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VUW contribution to Heritage Week’s 60 events

News from VUW
Wellington Heritage Week kicks off on Monday 25 October (Labour Day) with a number of Te Herenga Waka — Victoria University of Wellington students and staff contributing to the festival’s eclectic and exciting programme.

Wellington School of Architecture senior lecturer Robin Skinner is hosting a Kelburn Campus Walking Tour, recounting the events and leading figures that have contributed to the site’s development, from the establishment of Victoria University College to today.

Students in the University’s Masters of Museum Heritage programme have partnered with Waitoa Brewing Company to create a series of specially brewed, historically inspired beers that will be launched alongside a pub quiz.

Students and staff from the Wellington Faculty of Architecture and Design Innovation will be giving a free public talk at Futuna Chapel about creating 3D virtual reality models to document heritage buildings.

As part of the internship component of their degree, Masters of Museum and Heritage Studies students have also been involved with organising the festival, including a tour of Brewtown and a ‘halloweird and wonderful’ ghost tour in partnership with the Fear Factory on Cuba Street.

Festival Director David Batchelor, who is currently completing his PhD on local government heritage policy at the University’s Wellington School of Architecture, says, “Te Herenga Waka’s innovative learning environment reflects the ethos of the festival, as we welcome the public to discover the region’s people, places and stories. We’ve benefited from tapping into knowledge and ideas from across the University. Professor Marc Aurel Schnabel, Dean of the Wellington Faculty of Architecture and Design Innovation, and Robyn Cockburn from the Stout Research Centre have been instrumental in this.”

Be in quick — some events (including a night in the attic at Old Government Buildings, home of the University’s Law School) are already sold out. Check the event listings on the festival’s website for booking information.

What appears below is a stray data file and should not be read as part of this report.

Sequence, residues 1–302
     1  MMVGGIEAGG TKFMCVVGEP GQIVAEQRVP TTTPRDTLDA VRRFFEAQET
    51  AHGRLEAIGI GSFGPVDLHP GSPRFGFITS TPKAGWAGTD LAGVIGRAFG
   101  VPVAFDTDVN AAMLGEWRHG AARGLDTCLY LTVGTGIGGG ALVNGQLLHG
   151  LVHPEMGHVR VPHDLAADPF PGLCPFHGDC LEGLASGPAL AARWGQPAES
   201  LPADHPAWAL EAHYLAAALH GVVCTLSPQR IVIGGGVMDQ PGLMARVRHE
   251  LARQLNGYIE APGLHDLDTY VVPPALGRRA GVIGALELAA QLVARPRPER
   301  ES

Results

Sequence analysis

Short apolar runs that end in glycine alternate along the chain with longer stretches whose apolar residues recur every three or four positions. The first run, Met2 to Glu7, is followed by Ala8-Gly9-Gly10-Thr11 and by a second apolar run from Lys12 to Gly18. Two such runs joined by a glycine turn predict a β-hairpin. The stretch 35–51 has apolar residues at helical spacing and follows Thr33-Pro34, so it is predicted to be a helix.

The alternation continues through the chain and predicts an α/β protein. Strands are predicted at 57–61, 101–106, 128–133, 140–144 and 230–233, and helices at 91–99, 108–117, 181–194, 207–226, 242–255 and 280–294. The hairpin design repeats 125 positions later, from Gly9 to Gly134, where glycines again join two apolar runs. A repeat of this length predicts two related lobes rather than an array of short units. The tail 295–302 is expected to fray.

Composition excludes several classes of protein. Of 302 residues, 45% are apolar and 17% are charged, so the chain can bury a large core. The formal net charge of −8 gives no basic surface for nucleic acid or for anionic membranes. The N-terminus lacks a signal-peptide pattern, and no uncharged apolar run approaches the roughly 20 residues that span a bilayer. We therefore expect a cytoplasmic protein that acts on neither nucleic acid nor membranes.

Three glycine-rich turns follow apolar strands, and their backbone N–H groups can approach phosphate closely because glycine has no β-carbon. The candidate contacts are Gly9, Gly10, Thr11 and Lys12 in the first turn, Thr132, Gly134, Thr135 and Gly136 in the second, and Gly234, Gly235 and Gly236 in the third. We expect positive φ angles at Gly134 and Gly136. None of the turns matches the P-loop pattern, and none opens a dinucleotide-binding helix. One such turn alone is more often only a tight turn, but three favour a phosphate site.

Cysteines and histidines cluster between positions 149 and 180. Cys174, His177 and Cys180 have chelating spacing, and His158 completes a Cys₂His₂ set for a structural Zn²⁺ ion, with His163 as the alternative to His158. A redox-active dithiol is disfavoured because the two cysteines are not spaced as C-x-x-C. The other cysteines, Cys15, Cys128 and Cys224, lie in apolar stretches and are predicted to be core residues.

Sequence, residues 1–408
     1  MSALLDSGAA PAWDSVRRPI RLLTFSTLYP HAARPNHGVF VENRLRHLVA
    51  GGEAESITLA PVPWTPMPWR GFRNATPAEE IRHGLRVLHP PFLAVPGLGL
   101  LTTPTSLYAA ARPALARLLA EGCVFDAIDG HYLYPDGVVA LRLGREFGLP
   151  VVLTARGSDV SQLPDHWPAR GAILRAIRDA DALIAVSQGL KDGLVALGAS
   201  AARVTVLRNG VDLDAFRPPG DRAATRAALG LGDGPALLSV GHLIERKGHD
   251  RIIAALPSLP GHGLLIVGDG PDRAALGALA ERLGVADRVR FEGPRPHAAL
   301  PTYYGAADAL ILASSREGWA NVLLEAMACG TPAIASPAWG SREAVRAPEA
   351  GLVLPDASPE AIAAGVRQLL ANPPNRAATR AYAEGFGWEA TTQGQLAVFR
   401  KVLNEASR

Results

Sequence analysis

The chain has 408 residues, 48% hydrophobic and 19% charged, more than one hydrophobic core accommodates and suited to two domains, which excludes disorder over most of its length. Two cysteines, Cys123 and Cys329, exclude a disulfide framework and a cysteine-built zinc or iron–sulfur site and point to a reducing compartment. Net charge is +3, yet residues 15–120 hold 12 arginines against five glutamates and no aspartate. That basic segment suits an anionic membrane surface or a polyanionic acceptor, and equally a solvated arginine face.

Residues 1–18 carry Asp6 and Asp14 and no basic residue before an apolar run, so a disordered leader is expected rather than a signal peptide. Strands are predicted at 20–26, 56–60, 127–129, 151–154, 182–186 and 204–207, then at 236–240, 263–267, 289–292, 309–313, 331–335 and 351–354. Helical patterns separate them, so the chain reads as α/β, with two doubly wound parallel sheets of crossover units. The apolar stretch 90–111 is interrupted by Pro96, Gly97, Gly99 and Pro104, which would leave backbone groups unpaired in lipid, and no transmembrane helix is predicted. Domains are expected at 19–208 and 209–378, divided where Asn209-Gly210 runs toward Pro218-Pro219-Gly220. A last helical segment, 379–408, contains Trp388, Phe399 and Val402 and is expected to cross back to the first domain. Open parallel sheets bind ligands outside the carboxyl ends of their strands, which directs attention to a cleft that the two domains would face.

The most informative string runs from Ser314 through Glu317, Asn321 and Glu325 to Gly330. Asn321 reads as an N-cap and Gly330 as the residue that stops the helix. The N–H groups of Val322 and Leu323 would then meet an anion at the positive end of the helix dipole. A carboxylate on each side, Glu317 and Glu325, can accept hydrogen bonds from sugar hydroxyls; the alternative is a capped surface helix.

Press Release – Wellington City Council
Wellington Heritage Week is back for its fifth year, with over 60 events, tours, exhibitions and activities showcasing the wide-ranging history of the region. Wellington City Council is a proud sponsor of the event, and a number of Council’s facilities and services will be featured – including a tour of the Council’s Archives, tours at Bolton Street and Karori Cemeteries, an exhibition in the Courtenay Place Lightboxes, and a visit to the restored Futuna Chapel.

Mayor Andy Foster says Heritage Week is a celebration of our capital city stories recounting events, profiling the people who took part in them and their legacy that we still enjoy today.

“The history of Pōneke Wellington is made up of many multicultural influences, political input, commercial successes, and significant direct investment in important heritage icons that have made Wellington into an engaged, active, vibrant and diverse capital.

“Council is proud to have contributed to the city’s heritage with policy, projects and grants including the Built Heritage Incentive Fund, assisting owners of heritage buildings to undertake conservation and seismic strengthening work.

“One of the many success stories from that fund is the Futuna Chapel restoration work on the Stations of the Cross which is open to visitors during Heritage Week – just one of the many events that I will be attending.

“I am also pleased to announce that Heritage Week marks the launch of the digitisation of Redmer Yska’s Wellington: Biography of a City,” adds the Mayor.

The book, first published in 2006, spans 170 years of the city’s history from early settlement, through political, commercial, cultural and infrastructure development, the 1918 flu epidemic, wars, depressions, the visiting Beatles, and many of the early Mayors and Councillors.

After permission was given by the author, publisher and the Ministry of Culture and Heritage, every page was hand scanned by Wellington City Libraries’ Local Historian Gábor Toth, and is going live on Recollect to coincide with the festival.

“Knowing, understanding and preserving our history and heritage is an important part of our identity – locally, nationally, and globally,” says Gábor. “This book is of high heritage value as a detailed, interesting and well-researched record of the complex and compelling history of Pōneke Wellington – and digitising it for the library’s database means it will now be available to everyone.”

Since its inception five years ago, Wellington Heritage Week has grown from 20 events to over 60, and is so popular most events get booked up early on – which Festival Director David Batchelor says shows the potential of the local heritage and culture sector.

“The independent festival has become a staple cultural event in the region’s calendar, and a platform to celebrate our local communities. With the Council’s support, we aim to grow the festival’s national tourism profile to support businesses in line with the successful Napier Art Deco Festival,” says David.

Content Sourced from scoop.co.nz
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